What to learn with my time?


With out independent projects, we have the opportunity to learn something outside of the class with our free time. I took a while to think about what I wanted to learn in the past, and if that was something I could do now. I have my grandpa’s acoustic, electric, and steel guitars, and I have wanted to learn how to play them, but I have unfortunately left them in South Dakota. I tried learning how to crochet last year, but another student was using that as their independent learning project! So, for a while, I was at a loss.

I knew I wanted to have something physical as an end result, something that would be ultimately satisfying to have when everything is finished. For example, when I did my quilt several years ago, having the final, physical product was incredible to have and to look at. Not only that, but it was useful (it’s on my bed right now). Woodwork and carpentry is a skill I would like to learn in the future, as several in my family have learned and used what they have learned, but it was ultimately an unrealistic goal for the time being.

Then, I remembered that I had been seeing posts of cross stitch recently, and loving the way it looked. The work that some people had done looked amazing, but I felt it was something I couldn’t learn, or something that would be far too difficult for me. Luckily, I steeled myself and went down to the store, got all of my supplies, and started learning immediately. So far, I have really enjoyed the craft, and it isn’t at all as hard as I had imagined in my mind. It’s a lot of work, and can be frustrating at times, but thankfully, it’s something I can do when watching netflix or listening to music.

This was something I could kind of do when I was making my quilt, but it’s very hard to sit on the couch with a giant table, sewing machine, and chunks of fabric everywhere. Because of this, cross stitching has so far gone by very quickly for me, and I’m already getting to see the fruits of my labor. I’m hoping to finish the entire piece before the end of the semester, and perhaps even try counted cross stitch, instead of stamped patterns, like this one. So, wish me luck!


How the final product is supposed to look.

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‘Hackschooling’ is the education every kid deserves

In the above video, Logan LaPlante argues for the idea of ‘hackschooling’ vs a traditional education. So, just what is hackschooling? LaPlante explains the method as a hands on learning style, that allows the student to take charge of their education and learn in a way that suits them best. By hackschooling, LaPlante explains that he is able to get rid of writing about things that don’t matter to him and doing away with bland writing assignments in favor of writing about something that interests him. This way, he is excited about the assignment and learns to appreciate and understand writing, rather than being immediately bored with the work, and hating writing as a result.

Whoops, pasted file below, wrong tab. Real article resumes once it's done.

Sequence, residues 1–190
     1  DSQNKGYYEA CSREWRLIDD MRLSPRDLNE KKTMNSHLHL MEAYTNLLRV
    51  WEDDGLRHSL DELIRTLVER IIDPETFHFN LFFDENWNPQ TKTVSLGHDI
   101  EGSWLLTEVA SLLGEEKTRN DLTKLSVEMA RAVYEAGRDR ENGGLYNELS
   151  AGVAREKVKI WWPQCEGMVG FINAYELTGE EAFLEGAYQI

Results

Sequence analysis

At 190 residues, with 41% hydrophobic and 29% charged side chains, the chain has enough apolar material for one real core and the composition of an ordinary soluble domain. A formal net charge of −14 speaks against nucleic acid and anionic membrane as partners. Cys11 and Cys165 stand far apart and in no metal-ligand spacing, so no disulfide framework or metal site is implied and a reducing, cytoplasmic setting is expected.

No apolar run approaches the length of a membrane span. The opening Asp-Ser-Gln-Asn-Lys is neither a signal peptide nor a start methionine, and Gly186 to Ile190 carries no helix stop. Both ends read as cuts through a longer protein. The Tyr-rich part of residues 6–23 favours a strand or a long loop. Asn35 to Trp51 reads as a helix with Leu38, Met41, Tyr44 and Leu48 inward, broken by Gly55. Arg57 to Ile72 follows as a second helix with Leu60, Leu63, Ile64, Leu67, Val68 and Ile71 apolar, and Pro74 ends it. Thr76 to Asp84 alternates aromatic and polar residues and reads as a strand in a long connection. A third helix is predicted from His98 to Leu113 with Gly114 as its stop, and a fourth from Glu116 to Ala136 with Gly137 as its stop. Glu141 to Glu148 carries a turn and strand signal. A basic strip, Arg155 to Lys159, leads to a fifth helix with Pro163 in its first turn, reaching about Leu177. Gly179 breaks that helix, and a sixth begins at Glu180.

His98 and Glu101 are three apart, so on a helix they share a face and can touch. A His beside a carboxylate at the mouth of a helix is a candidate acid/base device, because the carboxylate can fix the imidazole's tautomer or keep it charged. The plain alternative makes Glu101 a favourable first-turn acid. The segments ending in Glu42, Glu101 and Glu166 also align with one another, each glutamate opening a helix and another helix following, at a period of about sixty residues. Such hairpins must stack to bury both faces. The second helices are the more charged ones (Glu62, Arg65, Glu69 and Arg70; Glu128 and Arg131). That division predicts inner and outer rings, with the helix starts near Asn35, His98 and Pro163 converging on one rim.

By abandoning traditional education, LaPlante remarks that he has had a far more rich and rewarding education. He has learned to build a Newton’s cradle to understand physics, learned survival techniques as a part of his physical education, and has built his own curriculum to study the same things every kid learns, but better. By using this creative and free form learning, LaPlante learns in a way that is best for him and his learning style. This way, he stays interested and involved in his education, and learns a myriad of additional skills as well.

I can see the benefits of this type of education almost immediately, and it is certainly the education I wish I could have had growing up. It is no secret that our education system is outdated, and does not fit many kids’ learning styles. Instead of being excited and interested in their education, it makes things scary, boring, and confusing. If we had all had the opportunity to write about things we loved, there would be a lot more creative individuals with a love for writing. If we all learned to spend time in the outdoors and learn survival techniques, far more of us would be innovative, resourceful, and interested in their physical health, rather than remembering times we ran 20 laps around the school gym.

Being able to try new things, try everything, not only shapes our education to our needs and makes us well rounded, but it also gives us the confidence to try new things, to make mistakes, and to be involved in our own education. It is my opinion that this is the education that every child deserves. Not sitting in a desk for 7 hours, watching powerpoints, filling out assignment papers, and taking test after test. We unrealistically expect every child to be able to fit the mold perfectly, and for the system to work perfectly for every student. Unfortunately, it doesn’t.

It kills creativity, it kills interest, and even intelligent kids that are excited and interested in their education slowly become worn down and sick of the education system. By doing this, we become drones, just trying to shuffle along from class to class, to fill out all our assignments and memorize all of the necessary information to get the right grade on our tests. This in no way prepares us for the real world, or for our future jobs. In fact, we lose many of the most valuable skills that our employers are looking for by the time we pass through the traditional education system.

Hackschooling is certainly a method of teaching and learning that has the potential to drastically change our education system, as well as change people for the future. We are already aware that our educational system is worn down and out of date, so why not transition to something more modern and realistic like hackschooling?